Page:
Five Steps to All A's

With midterms approaching, you’re likely already studying… or thinking about studying. Sometimes, it can be hard to motivate yourself to study, especially when there’s so much work to be done! It took me until I got into college to really understand how to “study smart.” Since I’m a senior and will soon leave the scholarly life behind, I’ve decided to pass on my foolproof, easy study method to you.

Step One: Make Quizlet Flashcards  

Whether you’re eco-friendly or just really love technology, Quizlet is the perfect way to study vocabulary! You may have used this website in middle or high school. If you aren’t familiar with Quizlet, it’s a free flashcard-making site. Just make an account and type up your flashcards—it’s super easy. You can add classes and study sets to organize your flashcards, and there are tons of ways to learn the information!  

Step Two: Use the Learn Feature

While you could play games like Gravity or flip through the cards on Quizlet, the Learn feature is the best way to memorize information quickly. Through Learn, you’ll be typing out answers or taking multiple choice questions. Your progress is recorded, including the terms you know for sure and the ones you’re shaky on. Even after you’ve reached 100% success, Learn still lets you run through those few terms that tripped you up. This feature is what makes Quizlet so much more useful than basic notecards!

Step Three: Make a Flowchart to Connect Ideas

While it’s great to memorize definitions on flashcards, context is equally important. What good is knowing what the endoplasmic reticulum is if you don’t know how it interacts with other organelles? I’m happy to introduce a solution—flowcharts. Using shapes as simple as circles and lines, you can connect ideas and painlessly diagram entire chapters of content. The flowchart also serves as a visual map that you can recall during exams. Have fun with your flowchart—use colors, doodles, and unique shapes to emphasize certain ideas or connections!

Step 4: Write Out A Study Guide

This step is what has single-handedly saved my grade countless times. Using colorful pens and full sentences, write questions and answers on pieces of paper. For example, write “What is the endoplasmic reticulum?” with the key term colored or highlighted. Then, write the answer as, “The endoplasmic reticulum is an organelle that [insert scientific answer here].” Next, write, “What does the endoplasmic reticulum do?” and answer as a full sentence. While this process is time-consuming, it is ultimately one of the best ways to review material. There are three reasons why writing a study guide is so helpful. Firstly, writing information longhand is proven to help you remember it (hence why so many professors at E-town don’t allow laptops in the classroom). Secondly, being able to teach the information and put it into simple terms is a sign that you fully understand the material, and it’s great to reference later down the line during (gasp) finals. Finally, study guides are easy to review from. Just cover up the answers with a blank piece of paper and inch it down as you go!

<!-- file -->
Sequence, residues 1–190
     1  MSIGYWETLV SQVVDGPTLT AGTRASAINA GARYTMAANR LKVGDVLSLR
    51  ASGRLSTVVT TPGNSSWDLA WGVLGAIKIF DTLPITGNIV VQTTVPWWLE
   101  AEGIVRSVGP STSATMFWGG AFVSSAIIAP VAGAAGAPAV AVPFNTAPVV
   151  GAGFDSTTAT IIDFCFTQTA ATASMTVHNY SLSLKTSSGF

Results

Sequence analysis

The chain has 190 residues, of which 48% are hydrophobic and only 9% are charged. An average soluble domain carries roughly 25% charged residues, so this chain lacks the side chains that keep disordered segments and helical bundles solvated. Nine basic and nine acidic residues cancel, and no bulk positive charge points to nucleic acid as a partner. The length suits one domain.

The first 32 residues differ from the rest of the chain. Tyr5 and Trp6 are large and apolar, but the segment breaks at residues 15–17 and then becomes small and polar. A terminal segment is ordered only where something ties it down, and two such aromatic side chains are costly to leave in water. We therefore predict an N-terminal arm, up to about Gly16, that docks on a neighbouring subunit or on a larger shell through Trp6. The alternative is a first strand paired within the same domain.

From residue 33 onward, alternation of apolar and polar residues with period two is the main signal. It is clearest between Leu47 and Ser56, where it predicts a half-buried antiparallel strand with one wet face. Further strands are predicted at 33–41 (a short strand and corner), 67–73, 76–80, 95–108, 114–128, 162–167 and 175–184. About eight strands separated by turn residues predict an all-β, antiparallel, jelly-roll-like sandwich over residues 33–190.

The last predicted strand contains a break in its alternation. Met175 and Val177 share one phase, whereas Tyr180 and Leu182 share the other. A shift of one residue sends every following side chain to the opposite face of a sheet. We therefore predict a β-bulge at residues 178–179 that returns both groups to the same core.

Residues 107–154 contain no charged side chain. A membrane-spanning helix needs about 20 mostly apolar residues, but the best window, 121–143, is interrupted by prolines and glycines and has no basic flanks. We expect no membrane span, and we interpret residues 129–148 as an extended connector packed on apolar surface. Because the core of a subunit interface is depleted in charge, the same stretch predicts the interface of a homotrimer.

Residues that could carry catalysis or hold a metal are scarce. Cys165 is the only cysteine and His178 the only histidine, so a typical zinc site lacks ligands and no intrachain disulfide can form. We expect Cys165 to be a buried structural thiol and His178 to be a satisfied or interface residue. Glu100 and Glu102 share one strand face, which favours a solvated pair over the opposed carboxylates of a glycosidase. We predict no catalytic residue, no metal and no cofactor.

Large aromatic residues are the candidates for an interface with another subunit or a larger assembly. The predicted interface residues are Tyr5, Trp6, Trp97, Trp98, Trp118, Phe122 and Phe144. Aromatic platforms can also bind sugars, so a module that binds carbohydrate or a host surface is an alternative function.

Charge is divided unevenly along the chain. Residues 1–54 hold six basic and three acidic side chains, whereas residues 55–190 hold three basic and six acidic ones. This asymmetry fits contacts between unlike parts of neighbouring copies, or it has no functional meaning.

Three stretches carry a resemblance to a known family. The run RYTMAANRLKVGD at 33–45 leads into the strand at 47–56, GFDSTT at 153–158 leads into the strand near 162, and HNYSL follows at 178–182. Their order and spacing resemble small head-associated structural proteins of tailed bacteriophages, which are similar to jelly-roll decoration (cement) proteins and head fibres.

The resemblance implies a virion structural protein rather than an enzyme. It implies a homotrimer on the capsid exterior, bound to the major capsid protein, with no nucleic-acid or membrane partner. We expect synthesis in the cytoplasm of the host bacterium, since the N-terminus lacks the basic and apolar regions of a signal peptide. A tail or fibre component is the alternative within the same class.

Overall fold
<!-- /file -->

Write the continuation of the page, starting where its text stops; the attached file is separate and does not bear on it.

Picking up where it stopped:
Step 5: Study Those Tricky Things Short-Term

At this point, you’re an endoplasmic reticulum expert. But for whatever reason, you just can’t remember all the different types of organelles. In cases like this, make a one-page cheat-sheet with all of the information that trips you up. For the hour or so before the exam, sit down and read that page over and over and over and over. Run through it out loud (even if you look crazy). Keep studying it up until the moment the professor says, “Clear your desks.” Then, on the back of the exam or on scratch paper, write out what you remember. Spill all of your short-term memory onto the paper and go to town from there.